Diabetes is an all too common ‘life style’ disease these days but did you know that cats and dogs suffer this chronic illness just like humans! Dogs and cats can suffer a form of diabetes that is very similar to type 2 diabetes in humans. Overweight, inactive pets are more likely to be at risk. Indoor cats and some breeds, such as Burmese cats, and dogs who have previously suffered from pancreatitis are also at increased risk.
Diabetes is a very manageable disease but it’s just so important that it’s diagnosed quickly and treatment started ASAP. When it comes to cats, there is a good chance that the quickly controlled diabetic might go into remission if caught and treated early. These cats may even come off insulin therapy and that’s going to be good for everyone! For cats that don’t go into remission and for dogs, quick diagnosis and control is the best thing for them. They are less likely to suffer complications and more likely to live a full and happy life. We all want that!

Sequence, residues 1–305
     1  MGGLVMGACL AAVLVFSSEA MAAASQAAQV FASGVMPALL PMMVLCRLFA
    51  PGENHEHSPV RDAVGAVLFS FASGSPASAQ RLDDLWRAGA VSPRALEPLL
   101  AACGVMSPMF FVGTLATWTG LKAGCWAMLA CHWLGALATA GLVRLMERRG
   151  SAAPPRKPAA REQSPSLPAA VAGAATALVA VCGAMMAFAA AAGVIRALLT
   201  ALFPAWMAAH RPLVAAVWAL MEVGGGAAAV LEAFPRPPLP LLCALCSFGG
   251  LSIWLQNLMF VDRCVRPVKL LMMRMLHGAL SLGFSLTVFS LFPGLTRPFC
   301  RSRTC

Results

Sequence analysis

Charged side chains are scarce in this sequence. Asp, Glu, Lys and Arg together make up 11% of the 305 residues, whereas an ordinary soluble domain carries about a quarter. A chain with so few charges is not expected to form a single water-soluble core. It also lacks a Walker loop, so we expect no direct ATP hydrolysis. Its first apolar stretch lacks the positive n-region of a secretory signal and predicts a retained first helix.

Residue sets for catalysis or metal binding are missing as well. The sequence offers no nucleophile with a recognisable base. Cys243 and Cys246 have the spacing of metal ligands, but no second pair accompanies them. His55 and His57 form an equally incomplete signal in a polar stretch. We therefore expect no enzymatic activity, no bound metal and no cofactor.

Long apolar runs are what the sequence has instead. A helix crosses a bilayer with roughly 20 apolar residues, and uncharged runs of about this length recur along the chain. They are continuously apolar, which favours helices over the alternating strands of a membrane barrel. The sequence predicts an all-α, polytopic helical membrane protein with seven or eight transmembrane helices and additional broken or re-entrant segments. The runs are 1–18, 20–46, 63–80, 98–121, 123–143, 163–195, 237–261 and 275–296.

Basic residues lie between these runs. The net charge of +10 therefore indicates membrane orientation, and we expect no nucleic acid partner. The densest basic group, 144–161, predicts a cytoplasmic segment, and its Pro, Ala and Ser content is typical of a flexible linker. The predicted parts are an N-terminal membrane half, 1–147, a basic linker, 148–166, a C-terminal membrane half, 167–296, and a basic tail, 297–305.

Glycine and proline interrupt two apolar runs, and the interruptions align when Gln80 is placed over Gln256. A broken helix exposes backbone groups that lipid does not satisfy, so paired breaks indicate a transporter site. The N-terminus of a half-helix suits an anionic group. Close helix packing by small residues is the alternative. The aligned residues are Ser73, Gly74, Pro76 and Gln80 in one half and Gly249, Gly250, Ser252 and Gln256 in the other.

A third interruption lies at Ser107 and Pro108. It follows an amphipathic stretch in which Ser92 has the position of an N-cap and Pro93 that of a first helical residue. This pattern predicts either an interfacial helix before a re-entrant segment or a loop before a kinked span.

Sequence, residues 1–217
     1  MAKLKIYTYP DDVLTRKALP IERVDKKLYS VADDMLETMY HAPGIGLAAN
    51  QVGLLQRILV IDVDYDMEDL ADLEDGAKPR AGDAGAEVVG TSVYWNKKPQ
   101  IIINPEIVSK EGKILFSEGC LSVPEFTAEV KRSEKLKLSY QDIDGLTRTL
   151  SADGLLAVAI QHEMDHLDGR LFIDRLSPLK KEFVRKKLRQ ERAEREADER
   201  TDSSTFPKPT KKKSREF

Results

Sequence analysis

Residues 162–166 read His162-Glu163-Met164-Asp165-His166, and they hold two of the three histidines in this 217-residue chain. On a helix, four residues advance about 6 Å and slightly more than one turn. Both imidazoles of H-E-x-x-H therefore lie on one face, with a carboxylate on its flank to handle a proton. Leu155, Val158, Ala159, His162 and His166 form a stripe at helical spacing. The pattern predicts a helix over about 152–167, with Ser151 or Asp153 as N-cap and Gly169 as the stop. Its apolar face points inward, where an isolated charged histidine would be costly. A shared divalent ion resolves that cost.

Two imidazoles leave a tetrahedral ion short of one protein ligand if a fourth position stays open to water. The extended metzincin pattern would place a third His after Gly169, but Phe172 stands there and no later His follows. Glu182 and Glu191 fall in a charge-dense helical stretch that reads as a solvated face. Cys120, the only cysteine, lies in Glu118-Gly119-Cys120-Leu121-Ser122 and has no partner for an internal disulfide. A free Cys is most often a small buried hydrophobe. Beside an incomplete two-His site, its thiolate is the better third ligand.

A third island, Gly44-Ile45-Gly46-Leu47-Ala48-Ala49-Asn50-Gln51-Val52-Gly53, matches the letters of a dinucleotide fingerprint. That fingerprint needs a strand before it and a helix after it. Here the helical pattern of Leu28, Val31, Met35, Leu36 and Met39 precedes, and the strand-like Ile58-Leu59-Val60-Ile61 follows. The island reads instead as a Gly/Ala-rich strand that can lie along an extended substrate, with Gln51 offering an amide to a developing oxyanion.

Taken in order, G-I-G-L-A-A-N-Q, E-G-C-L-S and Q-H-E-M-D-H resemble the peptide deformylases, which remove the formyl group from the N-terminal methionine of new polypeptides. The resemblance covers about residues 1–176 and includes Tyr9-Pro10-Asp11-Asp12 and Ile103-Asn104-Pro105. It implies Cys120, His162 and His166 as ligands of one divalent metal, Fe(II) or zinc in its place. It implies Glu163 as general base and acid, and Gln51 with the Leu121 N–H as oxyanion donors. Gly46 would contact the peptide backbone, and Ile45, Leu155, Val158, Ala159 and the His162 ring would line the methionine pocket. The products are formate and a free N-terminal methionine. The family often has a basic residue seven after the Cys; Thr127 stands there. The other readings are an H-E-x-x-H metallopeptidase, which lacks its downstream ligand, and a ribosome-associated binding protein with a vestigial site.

So when should you be worried about diabetes in your pet? The most common signs are increased thirst, increased urine output and increased appetite but with weight loss. Left undiagnosed you pet may become lethargic and then very unwell with vomiting and weakness and may even die. If you see any of these signs, a health check with your vet is a must.
The good news is that diagnosis is normally very quick and easy. We can often give you the answers right then and there in the consulting room! Blood and urine tests are performed and once a diagnosis had been made, treatment can be started straight away.
Fiona says “I had never thought that dealing with feline diabetes could be such an easy process or have such a positive outcome. We are all very happy, in particular Perseus”.
Insulin is the cornerstone of treatment. It is given twice daily by injection under the skin. This is far less difficult or scary than it sounds and is often much easier than giving a pill. Many a nervous owner has ended up a whizz at injections once they have a diabetic cat to teach them what its all about!
Some life style changes may be called for to give your pet the best chance of controlling their diabetes. Diet changes, weight loss or exercise programs are all part of diabetes control, as is close monitoring at home.
The good news is that almost all diabetic animals live out a full, rich and happy life with their condition. Getting that diagnosis and getting them treated is the key to combating Diabetes. If you are worried about your pet, please come in and see us as soon as possible.